Japan Geoscience Union Meeting 2018

Presentation information

[EE] Oral

P (Space and Planetary Sciences) » P-EM Solar-Terrestrial Sciences, Space Electromagnetism & Space Environment

[P-EM15] Dynamics in magnetosphere and ionosphere

Sun. May 20, 2018 9:00 AM - 10:30 AM 303 (3F International Conference Hall, Makuhari Messe)

convener:Yoshimasa Tanaka(National Institute of Polar Research), Tomoaki Hori(Institute for Space-Earth Environmental Research, Nagoya University), Aoi Nakamizo(情報通信研究機構 電磁波研究所, 共同), Mitsunori Ozaki(Faculty of Electrical and Computer Engineering, Institute of Science and Engineering, Kanazawa University), Chairperson:Shinbori Atsuki(ISEE, Nagoya Univ.), Sato Yuka(National Institute of Polar Research)

10:00 AM - 10:15 AM

[PEM15-05] Strongly enhanced plasma lines observed by the EISCAT Svalbard Radar during the International Polar Year

*Yuka Sato1,2, Yasunobu Ogawa1,3, Nickolay Ivchenko4, Nicola M. Schlatter4 (1.National Institute of Polar Research, 2.Nippon Institute of Technology, 3.The Graduate University for Advanced Studies, 4.KTH Royal Institute of Technology)

Keywords:Langmuir waves, Aurora, Suprathermal electrons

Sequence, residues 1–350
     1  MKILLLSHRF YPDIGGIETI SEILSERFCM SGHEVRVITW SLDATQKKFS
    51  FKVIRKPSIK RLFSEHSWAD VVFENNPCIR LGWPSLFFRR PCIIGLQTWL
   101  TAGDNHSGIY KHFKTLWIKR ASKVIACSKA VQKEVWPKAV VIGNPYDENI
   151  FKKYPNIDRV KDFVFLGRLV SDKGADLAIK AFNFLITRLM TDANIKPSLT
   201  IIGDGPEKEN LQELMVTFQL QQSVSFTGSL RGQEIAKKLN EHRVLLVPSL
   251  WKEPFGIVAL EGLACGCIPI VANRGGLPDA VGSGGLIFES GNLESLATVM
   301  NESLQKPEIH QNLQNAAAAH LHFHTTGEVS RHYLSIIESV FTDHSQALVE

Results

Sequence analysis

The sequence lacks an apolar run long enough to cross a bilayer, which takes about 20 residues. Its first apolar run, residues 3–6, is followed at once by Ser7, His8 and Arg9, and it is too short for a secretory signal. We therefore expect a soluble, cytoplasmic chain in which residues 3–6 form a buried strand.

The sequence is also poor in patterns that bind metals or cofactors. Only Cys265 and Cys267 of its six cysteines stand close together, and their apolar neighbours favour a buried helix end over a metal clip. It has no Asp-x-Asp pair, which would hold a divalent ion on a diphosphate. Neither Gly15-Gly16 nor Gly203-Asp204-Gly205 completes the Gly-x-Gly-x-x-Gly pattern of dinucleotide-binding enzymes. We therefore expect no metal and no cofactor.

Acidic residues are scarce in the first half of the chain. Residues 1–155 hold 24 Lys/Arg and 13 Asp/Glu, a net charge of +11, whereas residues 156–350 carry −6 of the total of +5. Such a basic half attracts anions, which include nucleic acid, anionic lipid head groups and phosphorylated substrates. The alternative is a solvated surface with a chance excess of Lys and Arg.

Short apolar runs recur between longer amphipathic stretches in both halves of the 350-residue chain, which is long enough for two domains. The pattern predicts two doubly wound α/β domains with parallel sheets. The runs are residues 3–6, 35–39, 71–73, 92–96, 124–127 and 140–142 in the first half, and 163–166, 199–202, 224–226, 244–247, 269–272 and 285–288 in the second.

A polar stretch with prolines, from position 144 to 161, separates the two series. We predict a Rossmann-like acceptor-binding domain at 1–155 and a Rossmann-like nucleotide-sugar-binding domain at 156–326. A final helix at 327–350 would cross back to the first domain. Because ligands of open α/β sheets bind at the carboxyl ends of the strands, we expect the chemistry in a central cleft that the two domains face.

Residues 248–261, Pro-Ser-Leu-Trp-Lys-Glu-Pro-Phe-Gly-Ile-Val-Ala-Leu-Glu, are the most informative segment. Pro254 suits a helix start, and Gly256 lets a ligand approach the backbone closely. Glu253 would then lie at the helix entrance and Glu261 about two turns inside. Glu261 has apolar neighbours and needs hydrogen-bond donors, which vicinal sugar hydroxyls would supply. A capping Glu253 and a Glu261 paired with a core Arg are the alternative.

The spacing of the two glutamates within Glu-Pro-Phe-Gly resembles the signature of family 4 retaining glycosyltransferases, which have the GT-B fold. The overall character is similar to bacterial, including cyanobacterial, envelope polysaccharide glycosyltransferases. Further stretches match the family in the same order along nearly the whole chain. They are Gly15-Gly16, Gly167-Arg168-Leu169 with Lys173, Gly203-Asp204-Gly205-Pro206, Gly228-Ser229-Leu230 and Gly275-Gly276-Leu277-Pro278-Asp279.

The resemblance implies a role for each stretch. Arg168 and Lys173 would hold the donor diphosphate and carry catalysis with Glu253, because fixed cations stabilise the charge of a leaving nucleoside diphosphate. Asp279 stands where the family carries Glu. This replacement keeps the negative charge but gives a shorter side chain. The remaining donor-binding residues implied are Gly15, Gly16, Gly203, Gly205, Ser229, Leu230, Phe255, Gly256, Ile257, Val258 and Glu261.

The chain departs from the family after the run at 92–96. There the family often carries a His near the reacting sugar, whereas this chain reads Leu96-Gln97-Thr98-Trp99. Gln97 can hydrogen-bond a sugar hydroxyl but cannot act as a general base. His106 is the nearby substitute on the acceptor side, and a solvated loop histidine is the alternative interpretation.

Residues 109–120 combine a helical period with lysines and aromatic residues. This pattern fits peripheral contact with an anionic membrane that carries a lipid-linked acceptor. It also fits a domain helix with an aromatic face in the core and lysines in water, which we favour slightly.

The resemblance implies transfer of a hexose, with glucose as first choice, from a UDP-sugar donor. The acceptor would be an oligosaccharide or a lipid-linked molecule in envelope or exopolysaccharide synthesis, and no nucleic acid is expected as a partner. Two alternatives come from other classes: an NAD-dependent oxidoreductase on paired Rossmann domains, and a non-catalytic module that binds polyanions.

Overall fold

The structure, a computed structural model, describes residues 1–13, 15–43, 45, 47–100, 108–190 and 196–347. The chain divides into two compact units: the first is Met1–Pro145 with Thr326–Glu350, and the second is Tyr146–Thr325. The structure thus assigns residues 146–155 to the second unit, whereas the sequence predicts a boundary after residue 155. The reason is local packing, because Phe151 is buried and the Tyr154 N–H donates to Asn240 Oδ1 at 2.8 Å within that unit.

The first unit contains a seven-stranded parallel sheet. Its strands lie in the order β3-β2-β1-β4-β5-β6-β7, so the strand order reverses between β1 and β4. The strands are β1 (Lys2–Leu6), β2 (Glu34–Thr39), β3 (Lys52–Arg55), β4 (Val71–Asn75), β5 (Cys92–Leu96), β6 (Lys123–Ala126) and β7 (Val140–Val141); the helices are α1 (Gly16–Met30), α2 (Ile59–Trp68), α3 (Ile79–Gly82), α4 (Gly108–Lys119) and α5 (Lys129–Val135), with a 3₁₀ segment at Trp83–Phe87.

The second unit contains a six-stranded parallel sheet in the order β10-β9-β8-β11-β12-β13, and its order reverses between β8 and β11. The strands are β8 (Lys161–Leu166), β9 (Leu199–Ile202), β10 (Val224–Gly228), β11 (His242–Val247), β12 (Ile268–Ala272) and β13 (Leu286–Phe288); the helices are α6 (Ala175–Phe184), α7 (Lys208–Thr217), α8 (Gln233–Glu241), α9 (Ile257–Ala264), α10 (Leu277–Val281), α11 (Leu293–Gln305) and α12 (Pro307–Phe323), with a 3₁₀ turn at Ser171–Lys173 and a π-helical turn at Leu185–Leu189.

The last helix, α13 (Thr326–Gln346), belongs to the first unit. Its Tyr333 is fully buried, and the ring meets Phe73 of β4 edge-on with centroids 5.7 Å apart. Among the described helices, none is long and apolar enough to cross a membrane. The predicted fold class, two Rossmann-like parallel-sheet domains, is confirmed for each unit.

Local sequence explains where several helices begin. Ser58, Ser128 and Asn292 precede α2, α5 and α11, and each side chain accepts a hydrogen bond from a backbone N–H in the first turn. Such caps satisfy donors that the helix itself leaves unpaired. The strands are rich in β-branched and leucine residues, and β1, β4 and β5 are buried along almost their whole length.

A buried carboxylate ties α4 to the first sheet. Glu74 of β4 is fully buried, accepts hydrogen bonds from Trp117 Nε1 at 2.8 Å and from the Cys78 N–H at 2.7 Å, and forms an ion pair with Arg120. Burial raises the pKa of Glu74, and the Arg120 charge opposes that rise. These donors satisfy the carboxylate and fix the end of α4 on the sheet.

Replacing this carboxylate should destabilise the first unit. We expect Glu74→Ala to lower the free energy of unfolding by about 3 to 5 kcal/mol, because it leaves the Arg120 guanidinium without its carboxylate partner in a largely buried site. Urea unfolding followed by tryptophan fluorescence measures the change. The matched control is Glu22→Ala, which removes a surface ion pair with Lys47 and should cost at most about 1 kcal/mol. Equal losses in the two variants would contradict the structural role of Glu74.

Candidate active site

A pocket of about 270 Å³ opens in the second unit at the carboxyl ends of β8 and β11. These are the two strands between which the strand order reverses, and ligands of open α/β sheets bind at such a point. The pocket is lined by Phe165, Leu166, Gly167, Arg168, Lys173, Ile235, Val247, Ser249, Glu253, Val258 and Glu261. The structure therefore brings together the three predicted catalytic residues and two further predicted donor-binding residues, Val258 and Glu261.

The plasma line (PL) is one of the signatures in the incoherent scatter radar spectrum and appears at frequencies up- and down-shifted from the transmitted signal by a few MHz. These frequency shifts respectively correspond to the frequencies of the down- and up-going scattering Langmuir waves plus the Doppler shift caused by the bulk motion of the electron gas. Although intensity of the PL is sometimes below noise level, it is occasionally enhanced and detectable in the presence of certain nonthermal features of the electron distribution function, such as local or magnetic conjugate photoelectrons and aurorally generated suprathermal (secondary) electrons. Especially during auroral activities, PL frequency and power may drastically change both with altitude and with time as reported from several case studies [e.g., Wickwar, 1978; Valladares et al., 1998; Kirkwood et al., 1995]. In the preceding companion paper by Ivchenko et al. [2017], data from the European Incoherent Scatter (EISCAT) Svalbard Radar (ESR) during the International Polar Year (from March 2007 to February 2008) were analyzed for statistical occurrence of enhanced PL. In this study, we use the same data set but focus on strongly enhanced plasma lines (SPL) with intensity higher than 1000 K, and a statistical analysis with a fully-automated detection method are performed to elucidate various occurrence properties of SPLs for the first time. More than 90 percent of SPL events have a peak intensity below 210-km altitude and usually in a frequency range of 3.0-3.25 MHz. The peak intensity is most likely to appear near 3.17 MHz frequency and 160-165 km altitude. These E-region SPLs are attributed to 2-4 eV dip in the electron fluxes caused by excitation of vibration levels in N2, which results in low Landau damping and strong enhancement of Langmuir waves [Kirkwood et al., 1995]. Remaining several percent of SPL events have a peak intensity at altitudes higher than 210 km and in a wider frequency range, which may result from parametric decay of large-scale (small-wavenumber) Langmuir waves excited by soft electrons (~100 eV) [e.g., Forme,1993]. Our statistical analysis also shows the dependence of SPL occurrence rate on local time/season/Kp-index and unexpected difference in intensity and altitude between up- and down-shifted SPLs. Although these occurrence properties of SPLs are not fully explained by previously proposed theories, they are affected by combined factors such as auroral precipitation, secondary electrons, background electron density, and its small scale gradient.

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